This is a post I wrote about two years ago for Heroes and Heartbreakers.
What defines a romantic hero? Does he have to be sexy? Strong? The most important man in the room? Or can he merely be “the one who gets the girl”? If a story has a strong, intelligent heroine, do readers—or viewers in the case of movies—just go along with the heroine’s choice of hero? If you consider the Harry Pottermovies fantasy or adventure, Harry is the hero. But if you consider the cycle a romance, it is Ron who steals the focus.
More than any factor that defines a romantic hero, after all, is that he is brought closer to the heroine by the arc of the story. He may start out less than worthy, but he grows to deserve her. He may not believe he cares about anything or anyone, but by the end she is the center of his world.
Harry never changes. He is loyal, intelligent, caring, and an exceptionally talented wizard right from the start. He is destined for greatness. Interestingly, these are the kind of characteristics one finds in Medieval romances, which are not “romances” in the modern sense, but stories of adventure. If we switch to the modern “boy meets girl” definition of a romance, however, Harry doesn’t fulfill the requirements for a hero.
At the beginning of the cycle, we meet Harry, Ron, and Hermione in quick succession. (Because I’ve recently refreshed myself with the movies in anticipation of the finale, I am going to refer to the movies here rather than the books.) In true romantic fashion, Hermione takes one look at Ron and dismisses him as useless. After all, he messes up a simple spell, something she would never do. She is far more impressed with Harry.
This is a standard genre convention, one so common as to border on cliché: frequently, the hero and heroine dislike each other for any number of reasons at the beginning of a romance. Part of the thrill is watching them figure out they were meant for each other. Shortly after they meet on the train, and after Hermione once again proves her superiority in the field of magic, Ron remarks to Harry that Hermione is weird and has no friends. This completes the founding trope: now she has dismissed him and he has hurt her feelings. Any romance reader immediately recognizes these cues.
It is tempting to go straight to the end of the series to view Ron in his heroic phase, but such extremes are completely unnecessary. Even at the end of the first movie, Ron sacrifices himself in the game of Wizard’s Chess to save the others. And when he does, Hermione stays behind to help him, letting Harry go on alone.
Another convention of romance is the strength of the hero’s family ties. Romantic heroes without families often belong to pseudo-familial communities like paramilitary groups, military units, or tight-knit small towns. In their interactions with these groups, protagonists can show off their heroism without, well, showing off. Both Harry and Hermione are singularly lacking in family—Harry’s parents are dead and Hermione’s are muggles and rarely discussed. Ron’s family is the important one. For all intents and purposes, they adopt both Harry and Hermione. The bond Ron shares with his brothers and his parents is key to seeing that he is good husband and father material.
(It should be noted at this point that another typical feature of the family-oriented romance is a secondary romance featuring some other member of the hero’s family or community. In this case, that honor belongs to Ginny Weasley and Harry. Harry saves her in the Chamber of Secrets, and they end up together, though we don’t see much of the romance’s progression.)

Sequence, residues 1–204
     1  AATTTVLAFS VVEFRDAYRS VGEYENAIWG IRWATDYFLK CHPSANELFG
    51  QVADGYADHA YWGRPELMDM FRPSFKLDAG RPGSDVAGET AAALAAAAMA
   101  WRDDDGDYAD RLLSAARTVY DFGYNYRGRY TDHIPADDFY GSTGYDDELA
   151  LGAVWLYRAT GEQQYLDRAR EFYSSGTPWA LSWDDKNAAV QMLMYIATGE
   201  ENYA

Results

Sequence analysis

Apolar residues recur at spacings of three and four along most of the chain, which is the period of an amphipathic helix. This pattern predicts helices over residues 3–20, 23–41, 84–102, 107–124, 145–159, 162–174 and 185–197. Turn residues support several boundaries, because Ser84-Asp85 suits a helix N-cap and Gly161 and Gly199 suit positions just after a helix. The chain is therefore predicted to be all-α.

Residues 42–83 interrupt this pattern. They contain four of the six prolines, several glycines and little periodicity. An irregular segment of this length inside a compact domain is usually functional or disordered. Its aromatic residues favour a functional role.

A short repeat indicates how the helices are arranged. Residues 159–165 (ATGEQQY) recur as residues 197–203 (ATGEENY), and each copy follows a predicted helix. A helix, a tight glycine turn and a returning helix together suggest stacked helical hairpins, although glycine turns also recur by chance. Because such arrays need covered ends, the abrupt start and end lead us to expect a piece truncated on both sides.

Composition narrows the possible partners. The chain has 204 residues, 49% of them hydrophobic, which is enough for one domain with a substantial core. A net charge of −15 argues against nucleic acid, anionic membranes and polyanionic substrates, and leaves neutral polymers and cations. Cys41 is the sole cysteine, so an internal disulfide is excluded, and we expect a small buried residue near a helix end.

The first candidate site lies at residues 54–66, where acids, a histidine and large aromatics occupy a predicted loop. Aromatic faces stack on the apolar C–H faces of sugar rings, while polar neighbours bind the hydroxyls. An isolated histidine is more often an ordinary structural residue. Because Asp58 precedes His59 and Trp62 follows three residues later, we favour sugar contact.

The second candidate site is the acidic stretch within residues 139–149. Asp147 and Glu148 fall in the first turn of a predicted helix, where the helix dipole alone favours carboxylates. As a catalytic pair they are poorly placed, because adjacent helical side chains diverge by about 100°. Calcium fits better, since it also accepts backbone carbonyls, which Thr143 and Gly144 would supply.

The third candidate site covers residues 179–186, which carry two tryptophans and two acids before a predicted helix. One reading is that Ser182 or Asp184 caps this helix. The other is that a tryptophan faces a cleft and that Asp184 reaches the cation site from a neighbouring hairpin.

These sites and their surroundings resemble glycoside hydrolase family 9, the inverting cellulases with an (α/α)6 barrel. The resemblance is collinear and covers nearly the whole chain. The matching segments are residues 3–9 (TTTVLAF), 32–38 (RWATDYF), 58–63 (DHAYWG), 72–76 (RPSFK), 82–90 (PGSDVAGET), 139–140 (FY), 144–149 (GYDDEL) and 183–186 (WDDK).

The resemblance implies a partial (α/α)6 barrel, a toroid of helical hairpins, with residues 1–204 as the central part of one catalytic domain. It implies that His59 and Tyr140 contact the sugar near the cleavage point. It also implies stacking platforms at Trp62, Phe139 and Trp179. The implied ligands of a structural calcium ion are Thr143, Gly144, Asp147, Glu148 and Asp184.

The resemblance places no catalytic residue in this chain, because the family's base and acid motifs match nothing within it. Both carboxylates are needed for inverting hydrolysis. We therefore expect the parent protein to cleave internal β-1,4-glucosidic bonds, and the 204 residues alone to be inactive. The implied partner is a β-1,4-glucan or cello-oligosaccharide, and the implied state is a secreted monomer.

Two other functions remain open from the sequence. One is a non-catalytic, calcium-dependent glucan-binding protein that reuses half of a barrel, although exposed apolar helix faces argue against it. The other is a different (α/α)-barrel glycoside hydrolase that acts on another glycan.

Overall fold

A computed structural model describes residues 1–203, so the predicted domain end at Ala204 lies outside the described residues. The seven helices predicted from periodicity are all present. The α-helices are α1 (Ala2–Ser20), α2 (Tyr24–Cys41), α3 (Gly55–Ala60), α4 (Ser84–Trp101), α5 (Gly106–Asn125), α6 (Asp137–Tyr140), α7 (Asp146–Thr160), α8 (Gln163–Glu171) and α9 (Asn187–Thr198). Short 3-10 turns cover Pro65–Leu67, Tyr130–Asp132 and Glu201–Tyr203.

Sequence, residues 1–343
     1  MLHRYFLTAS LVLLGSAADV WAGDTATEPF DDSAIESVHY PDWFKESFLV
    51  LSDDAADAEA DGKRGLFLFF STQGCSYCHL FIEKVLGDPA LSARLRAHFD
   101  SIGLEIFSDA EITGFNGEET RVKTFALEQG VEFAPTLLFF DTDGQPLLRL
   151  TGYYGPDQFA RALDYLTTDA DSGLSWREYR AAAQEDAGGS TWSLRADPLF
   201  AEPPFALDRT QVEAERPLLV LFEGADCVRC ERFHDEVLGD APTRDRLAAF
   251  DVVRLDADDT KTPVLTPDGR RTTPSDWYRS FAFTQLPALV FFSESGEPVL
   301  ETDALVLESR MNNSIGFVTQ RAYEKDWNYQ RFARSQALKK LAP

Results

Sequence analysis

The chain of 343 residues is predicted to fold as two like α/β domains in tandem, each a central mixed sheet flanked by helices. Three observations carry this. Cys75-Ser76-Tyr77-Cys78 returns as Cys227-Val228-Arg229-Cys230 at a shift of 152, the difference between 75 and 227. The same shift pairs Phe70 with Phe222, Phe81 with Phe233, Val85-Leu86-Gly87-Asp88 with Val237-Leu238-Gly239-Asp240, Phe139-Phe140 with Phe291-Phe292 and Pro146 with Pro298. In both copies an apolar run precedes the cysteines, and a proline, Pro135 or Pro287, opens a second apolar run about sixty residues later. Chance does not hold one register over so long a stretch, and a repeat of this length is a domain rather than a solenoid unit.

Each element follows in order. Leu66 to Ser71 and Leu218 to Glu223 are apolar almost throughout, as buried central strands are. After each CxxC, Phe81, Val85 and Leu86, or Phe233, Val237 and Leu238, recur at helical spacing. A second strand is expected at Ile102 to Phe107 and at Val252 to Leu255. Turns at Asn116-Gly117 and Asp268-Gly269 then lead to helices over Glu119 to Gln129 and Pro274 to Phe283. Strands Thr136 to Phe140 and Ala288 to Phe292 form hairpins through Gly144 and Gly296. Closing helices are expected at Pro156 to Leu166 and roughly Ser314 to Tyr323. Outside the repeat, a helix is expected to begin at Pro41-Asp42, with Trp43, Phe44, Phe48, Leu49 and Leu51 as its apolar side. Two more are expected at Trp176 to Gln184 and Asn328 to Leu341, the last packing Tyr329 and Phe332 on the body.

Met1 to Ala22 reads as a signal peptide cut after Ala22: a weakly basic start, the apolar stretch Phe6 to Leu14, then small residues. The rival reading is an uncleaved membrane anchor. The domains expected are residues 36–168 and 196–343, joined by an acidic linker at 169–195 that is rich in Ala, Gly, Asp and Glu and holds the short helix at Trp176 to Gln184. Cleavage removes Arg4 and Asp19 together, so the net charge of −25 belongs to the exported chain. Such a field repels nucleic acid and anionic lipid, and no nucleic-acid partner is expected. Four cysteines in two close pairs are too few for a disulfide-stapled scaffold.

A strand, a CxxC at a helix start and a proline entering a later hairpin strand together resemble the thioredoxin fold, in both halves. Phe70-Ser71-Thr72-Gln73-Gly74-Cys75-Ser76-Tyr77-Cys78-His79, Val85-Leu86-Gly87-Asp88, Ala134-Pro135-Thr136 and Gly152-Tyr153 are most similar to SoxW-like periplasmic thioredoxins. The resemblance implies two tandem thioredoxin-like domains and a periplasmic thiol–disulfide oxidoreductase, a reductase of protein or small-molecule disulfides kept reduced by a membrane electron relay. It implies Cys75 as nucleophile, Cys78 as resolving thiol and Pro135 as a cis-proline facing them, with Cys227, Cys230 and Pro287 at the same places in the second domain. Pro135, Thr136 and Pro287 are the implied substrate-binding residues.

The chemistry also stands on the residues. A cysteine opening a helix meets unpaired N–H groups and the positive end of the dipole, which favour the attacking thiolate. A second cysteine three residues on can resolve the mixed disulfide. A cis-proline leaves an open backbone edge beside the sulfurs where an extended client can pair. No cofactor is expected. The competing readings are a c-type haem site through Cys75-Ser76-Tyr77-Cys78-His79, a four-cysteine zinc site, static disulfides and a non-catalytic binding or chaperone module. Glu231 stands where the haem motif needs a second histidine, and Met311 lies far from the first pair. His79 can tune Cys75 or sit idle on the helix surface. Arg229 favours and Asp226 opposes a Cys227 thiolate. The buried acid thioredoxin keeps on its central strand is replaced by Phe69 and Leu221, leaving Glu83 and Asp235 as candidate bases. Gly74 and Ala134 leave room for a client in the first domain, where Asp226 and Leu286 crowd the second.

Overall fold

Ron’s heroism is also displayed in his willingness to undertake even those adventures he most fears when his friends ask it of him. Harry and Hermione venture bravely forth into the unknown, often finding themselves overwhelmed and in trouble. Ron, on the other hand, only reluctantly ventures out of his safety zone. Although his terror at first glance lowers our opinion of him, he rises to every occasion and never fails his friends. This is far more impressive than a person whose single-minded focus on a goal allows them to ignore their fears.
And, finally, there are the outwardly romantic aspects of Ron’s journey. He gets involved with a ridiculous girl who makes his life miserable, which leads to Hermione’s first open admission of love. Still, if we are to consider the whole cycle a romance, the couple cannot end up together until the very end. If the couple resolves their differences too early, the end of the story becomes pointless and dragging. So even after Ron ditches the dreadful Lavender Brown, he and Hermione still have hurdles to overcome.
Not the least of these obstacles is Ron’s own feeling of inferiority. This becomes clear in Deathly Hallows, when he storms out of their tent in the woods, leaving Harry and Hermione alone. He is jealous of their relationship, frustrated by his own inability to talk to Hermione about his feelings, and he feels useless in their quest. He returns, however, just when the others need him most, and he is brought back to them by the sound of Hermione’s voice calling to him over the miles.
Ron and Hermione fight together at the end of Deathly Hallows.Together, they retrieve the basilisk fangs needed to destroy the cup Horcrux. When Ron suggests warning the House elves, his selfless impulse and the growing maturity and compassion it evinces allow Hermione to admit her own feelings without reserve.
When we first meet Ron, there is no character who seems less likely to be a romantic hero. Yet, as time goes on, it becomes increasingly evident that Ron Weasley, however unlikely, is the hero of the Harry Potter romance cycle. Not only does he fulfill all the requirements, but in the end, as all good heroes do, he gets the girl.